Well, we’ve had a pretty good example of a drought year here in Lake of Bays and Algonquin Highlands. The rain, when we’ve had it, has not been well-timed for the berry crops, but the mushrooms have been having a great time!
Our Shiitakes had an amazing run this fall, as did many other Fun Guys. The ‘Shrooming since the beginning of September has been fantastic!!
I had a client send a set of mushroom pix to me through email this Thanksgiving weekend, wanting an ID from me, almost convinced that they were Shiitakes.
The mushrooms were growing from what seemed to be a Sugar maple stump that had been cut three inches above grade several years earlier. The mushrooms were twisted, and grooved with smooth, shiny, yellow caps, almost like Slippery Jacks, they could’ve been Honey mushrooms, but were past their prime if they were…
I didn’t have time to ID the subject specimen with any certainty as to whether or not it was edible AT ALL, not to mention that I was out the door to the funeral for the father of a dear friend (link below), but I knew how to answer the question right away.
I hastily wrote out key ID:
“Note the shiny, ‘wet’ caps and the contrast between the caps and the dark, twisty, grooved stem.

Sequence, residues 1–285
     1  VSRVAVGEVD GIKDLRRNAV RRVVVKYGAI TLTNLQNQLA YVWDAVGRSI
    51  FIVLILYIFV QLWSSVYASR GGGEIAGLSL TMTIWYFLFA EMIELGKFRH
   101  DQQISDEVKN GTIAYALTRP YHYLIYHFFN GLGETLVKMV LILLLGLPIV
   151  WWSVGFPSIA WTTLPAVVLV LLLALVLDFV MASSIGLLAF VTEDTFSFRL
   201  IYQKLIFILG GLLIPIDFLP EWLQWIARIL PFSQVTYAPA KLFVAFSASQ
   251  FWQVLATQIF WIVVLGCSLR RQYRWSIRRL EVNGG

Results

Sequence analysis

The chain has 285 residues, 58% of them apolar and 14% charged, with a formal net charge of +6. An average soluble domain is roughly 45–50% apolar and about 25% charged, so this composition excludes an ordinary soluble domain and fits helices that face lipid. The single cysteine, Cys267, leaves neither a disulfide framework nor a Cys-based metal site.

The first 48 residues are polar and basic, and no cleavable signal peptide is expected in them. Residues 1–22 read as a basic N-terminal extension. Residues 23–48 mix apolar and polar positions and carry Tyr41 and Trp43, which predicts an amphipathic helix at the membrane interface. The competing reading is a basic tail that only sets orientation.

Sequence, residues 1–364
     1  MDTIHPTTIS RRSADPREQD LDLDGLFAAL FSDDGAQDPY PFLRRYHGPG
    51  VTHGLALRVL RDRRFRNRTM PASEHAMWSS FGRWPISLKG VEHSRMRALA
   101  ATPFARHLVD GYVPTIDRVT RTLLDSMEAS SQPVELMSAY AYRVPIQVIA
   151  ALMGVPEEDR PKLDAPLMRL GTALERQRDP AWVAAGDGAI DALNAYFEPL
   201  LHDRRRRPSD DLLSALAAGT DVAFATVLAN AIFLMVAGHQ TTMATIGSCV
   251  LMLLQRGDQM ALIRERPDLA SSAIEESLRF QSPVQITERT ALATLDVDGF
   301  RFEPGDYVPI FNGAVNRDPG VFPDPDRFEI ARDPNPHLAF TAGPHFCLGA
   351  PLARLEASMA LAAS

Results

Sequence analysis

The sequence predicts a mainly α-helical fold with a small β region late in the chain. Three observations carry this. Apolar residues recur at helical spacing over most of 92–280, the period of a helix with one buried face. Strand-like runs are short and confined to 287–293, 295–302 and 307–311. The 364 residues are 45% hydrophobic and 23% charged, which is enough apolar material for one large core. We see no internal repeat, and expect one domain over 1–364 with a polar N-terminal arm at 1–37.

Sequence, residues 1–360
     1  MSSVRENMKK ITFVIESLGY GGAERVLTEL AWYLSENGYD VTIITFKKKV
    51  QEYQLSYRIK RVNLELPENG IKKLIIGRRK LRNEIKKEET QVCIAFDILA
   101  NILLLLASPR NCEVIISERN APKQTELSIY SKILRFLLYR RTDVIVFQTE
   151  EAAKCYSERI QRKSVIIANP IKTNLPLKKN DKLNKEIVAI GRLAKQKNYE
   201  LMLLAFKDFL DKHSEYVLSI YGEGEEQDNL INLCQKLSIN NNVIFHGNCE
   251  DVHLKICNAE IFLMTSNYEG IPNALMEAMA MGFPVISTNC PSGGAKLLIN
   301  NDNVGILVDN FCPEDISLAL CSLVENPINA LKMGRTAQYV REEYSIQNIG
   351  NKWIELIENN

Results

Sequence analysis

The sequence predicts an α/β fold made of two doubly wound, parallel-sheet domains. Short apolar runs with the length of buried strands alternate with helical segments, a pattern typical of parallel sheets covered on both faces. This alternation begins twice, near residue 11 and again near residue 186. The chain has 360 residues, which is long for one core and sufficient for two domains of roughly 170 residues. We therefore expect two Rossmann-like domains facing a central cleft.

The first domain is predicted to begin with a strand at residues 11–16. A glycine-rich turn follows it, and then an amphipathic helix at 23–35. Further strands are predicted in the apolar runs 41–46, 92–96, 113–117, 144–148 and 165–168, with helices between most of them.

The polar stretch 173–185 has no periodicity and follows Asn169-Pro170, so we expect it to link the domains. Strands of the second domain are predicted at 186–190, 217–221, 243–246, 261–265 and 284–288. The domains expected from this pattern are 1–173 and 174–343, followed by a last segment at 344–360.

Shiitakes are buff, dry, solid, monochromatic through cap to stem, dry, and clean.
Cheers to a great Thanksgiving and DON’T eat the mushrooms!”
I don’t like to I.D. mushrooms during my edibles workshops as edible, it has been a general rule of thumb for me. I thought that writing about them, and forcing myself to identify some of my hundreds of mushroom photos, may expand my horizons.
Let’s run through a quick course of fall mushroom photo ID from Botanigal’s Fall Travels… These images were taken in Algonquin Highlands, Lake of Bays, and Ottawa, as noted in the captions. You will notice that they are slowly being identified over time…
Please read the Ottawa Citizen’s obituary for artist and naturalist John Crosby, dear father to my best friends, and a key role-model to my LOB-Ottawa pals, along with my fellow naturalists and birders.
John regularly haunted Mud Lake as long as he was able.
He was an amazing Canadian artist.
May the forest be with you Joe.